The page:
INTRODUCTION TO MEDIA STUDIES
1. COURSE OBJECTIVES
This course provides a comprehensive overview of the field of Media Studies. It is intended
for any student who wishes to learn more about the role of media in today’s society. Each
week, we explore different aspects of contemporary mediascape by diving into different
subject areas including the history, production, industry, representation, audience, contents,
effects, and social change. Within these broad subject areas, weekly lectures will cover a
range of theories, methods, and case studies to discuss various ways to approach and
analyze media and demonstrate that there are much more complex power relations
surrounding media than we often take for granted. Combining multiple perspectives is
necessary to better understand the parameters of social changes rapidly occurring in the
present, which in turn, will shape our knowledge about the potential future. Therefore,
ideally, you will recognize the linkages among weekly topics and be able to step back and
ask broader questions about the relationship between media, society, and yourself.
By the end of the term, you should be able to:
recognize the basic issues and questions in Media Studies;
demonstrate a familiarity with the terms and concepts used in Media Studies;
in essence, understand the relevance of Media Studies in your everyday life.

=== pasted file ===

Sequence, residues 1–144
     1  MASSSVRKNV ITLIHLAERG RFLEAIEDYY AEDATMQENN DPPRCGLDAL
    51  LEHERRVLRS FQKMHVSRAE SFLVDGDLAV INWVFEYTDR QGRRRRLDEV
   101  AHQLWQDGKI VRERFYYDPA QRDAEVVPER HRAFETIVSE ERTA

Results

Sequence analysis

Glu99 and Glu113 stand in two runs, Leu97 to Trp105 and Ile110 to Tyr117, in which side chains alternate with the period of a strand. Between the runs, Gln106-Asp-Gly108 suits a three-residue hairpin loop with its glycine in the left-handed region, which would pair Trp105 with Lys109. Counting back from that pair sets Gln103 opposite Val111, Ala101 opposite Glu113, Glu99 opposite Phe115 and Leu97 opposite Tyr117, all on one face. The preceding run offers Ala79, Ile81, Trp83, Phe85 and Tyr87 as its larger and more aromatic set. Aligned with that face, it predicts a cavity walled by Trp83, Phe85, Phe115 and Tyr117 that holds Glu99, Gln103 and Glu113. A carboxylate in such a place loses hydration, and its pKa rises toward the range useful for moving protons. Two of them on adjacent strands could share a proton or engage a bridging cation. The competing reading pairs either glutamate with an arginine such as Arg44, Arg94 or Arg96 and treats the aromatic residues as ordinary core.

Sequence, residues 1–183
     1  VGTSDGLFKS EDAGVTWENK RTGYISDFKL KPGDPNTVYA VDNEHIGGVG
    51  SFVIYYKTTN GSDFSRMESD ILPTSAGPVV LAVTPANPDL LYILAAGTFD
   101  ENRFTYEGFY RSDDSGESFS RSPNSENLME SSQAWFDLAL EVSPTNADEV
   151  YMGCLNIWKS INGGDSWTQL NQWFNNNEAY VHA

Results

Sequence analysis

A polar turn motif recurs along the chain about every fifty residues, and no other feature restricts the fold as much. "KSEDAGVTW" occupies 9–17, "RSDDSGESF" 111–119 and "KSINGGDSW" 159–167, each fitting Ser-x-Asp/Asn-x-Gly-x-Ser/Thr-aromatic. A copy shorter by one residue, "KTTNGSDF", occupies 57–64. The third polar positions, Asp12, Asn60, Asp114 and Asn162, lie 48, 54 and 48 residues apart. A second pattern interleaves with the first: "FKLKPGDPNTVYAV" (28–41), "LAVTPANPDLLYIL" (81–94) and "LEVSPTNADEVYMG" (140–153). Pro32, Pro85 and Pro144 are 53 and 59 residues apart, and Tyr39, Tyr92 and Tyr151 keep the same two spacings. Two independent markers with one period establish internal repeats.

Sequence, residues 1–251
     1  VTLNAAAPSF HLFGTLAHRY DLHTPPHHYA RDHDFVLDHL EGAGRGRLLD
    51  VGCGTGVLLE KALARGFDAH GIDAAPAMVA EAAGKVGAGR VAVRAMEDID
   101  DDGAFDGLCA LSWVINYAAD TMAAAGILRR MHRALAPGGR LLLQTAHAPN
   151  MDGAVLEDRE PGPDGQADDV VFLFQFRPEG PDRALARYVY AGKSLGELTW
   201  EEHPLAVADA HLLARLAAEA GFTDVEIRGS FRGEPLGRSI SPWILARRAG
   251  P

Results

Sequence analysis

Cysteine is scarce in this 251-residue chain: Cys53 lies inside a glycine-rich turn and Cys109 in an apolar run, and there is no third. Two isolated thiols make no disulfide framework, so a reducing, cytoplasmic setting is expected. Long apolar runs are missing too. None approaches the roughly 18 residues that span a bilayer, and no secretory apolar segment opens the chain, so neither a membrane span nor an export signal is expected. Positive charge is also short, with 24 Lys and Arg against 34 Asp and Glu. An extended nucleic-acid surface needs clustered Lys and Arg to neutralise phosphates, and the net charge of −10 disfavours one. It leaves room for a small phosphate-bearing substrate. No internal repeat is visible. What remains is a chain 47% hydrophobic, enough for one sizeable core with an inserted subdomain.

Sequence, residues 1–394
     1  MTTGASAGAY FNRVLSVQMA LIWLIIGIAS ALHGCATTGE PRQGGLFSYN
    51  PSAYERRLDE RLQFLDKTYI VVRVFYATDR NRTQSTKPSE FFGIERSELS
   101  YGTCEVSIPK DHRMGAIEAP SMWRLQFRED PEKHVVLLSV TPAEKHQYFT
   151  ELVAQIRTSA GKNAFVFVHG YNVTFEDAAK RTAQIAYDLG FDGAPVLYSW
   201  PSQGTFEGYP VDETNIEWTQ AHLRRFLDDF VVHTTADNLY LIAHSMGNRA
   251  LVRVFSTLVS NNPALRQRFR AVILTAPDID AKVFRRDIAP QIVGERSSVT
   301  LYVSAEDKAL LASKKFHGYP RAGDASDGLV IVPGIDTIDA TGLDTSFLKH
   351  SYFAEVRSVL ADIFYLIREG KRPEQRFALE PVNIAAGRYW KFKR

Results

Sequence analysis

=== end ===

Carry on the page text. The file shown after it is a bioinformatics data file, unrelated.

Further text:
Your job is to think analytically and critically about your experiences with media. Also, this is a writing-intensive course that fulfills the requirement for Advanced Composition. Because of that, the writing in this course:
demands analysis and synthesis of the subject matter presented in the course.
requires original composition (totaling 15 to 20 pages over the course of the semester), and
involves multiple drafts throughout the course of the semester.
3. WEEKLY TOPICS
Week 1. INTRODUCTION TO MEDIA STUDIES
Week 2. HISTORY, REMEDIATION, RETRO MEDIA
Gitelman, L. (2006). Always Already New.
Week 3. MEDIA PRODUCTION
Media production and industries, organizational analysis of media
Havens, T. & Lotz, A. (2011). Understanding Media Industries.
WEEK 4. POLITICAL ECONOMY
Media ownership and labor, institutional analysis of media
Mayer, V. (2011). Below the Line.
WEEK 5. MEDIA CONTENT
Quantitative analysis of media
WEEK 6. MEDIA EFFECT
Media effects theory, media echo chamber
Week 7. REPRESENTATION
Textual/visual analysis of media and politics of representation
WEEK 8. REPRESENTATION (CONT'D)
WEEK 9. AUDIENCE
Media audience research, audience commodity
WEEK 10. AUDIENCE (CONT'D)
Marwick, A. (2015). Instafame: Luxury Selfies in the Attention Economy
WEEK 11. THANKSGIVING BREAK
WEEK 12. SOCIAL MEDIA AND PARTICIPATORY CULTURE
Burgess, J. & Green, J. (2018). Selected chapters from YouTube: Online Video
and Participatory Culture
WEEK 13. REMIX, COPYRIGHTS, AND IP
Screening: RIP! A Remix Manifesto
WEEK 14. IN-CLASS PRESENTATIONS
WEEK 15 - 16. FINAL